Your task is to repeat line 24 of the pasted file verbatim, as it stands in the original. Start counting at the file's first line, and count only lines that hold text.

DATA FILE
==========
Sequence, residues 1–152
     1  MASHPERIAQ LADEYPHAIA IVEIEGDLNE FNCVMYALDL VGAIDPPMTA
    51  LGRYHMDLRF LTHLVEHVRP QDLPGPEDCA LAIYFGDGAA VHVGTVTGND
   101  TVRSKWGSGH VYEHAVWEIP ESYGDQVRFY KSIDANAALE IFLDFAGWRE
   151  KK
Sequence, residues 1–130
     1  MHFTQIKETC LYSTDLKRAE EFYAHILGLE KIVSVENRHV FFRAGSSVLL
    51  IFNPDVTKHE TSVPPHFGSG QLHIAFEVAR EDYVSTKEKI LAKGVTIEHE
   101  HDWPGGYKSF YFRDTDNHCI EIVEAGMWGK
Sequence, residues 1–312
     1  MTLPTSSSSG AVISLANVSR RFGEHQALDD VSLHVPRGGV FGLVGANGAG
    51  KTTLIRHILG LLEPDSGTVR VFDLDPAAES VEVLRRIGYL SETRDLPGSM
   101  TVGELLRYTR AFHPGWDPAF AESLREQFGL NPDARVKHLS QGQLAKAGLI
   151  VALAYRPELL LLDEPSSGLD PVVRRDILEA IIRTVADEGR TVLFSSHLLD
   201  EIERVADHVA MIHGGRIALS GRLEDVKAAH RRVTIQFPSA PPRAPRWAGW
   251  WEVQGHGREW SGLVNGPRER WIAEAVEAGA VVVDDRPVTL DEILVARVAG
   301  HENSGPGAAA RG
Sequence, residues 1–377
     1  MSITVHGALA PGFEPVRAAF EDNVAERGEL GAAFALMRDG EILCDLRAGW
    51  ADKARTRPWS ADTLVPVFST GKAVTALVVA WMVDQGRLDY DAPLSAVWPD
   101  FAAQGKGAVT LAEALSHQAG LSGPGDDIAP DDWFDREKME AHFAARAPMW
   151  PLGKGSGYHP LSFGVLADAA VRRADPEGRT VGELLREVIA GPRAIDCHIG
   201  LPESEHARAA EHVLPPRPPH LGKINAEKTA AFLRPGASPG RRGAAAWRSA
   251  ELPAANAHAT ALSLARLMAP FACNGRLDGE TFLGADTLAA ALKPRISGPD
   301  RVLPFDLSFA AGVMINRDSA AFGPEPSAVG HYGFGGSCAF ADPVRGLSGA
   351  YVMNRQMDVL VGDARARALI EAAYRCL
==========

   251  ELPAANAHAT ALSLARLMAP FACNGRLDGE TFLGADTLAA ALKPRISGPD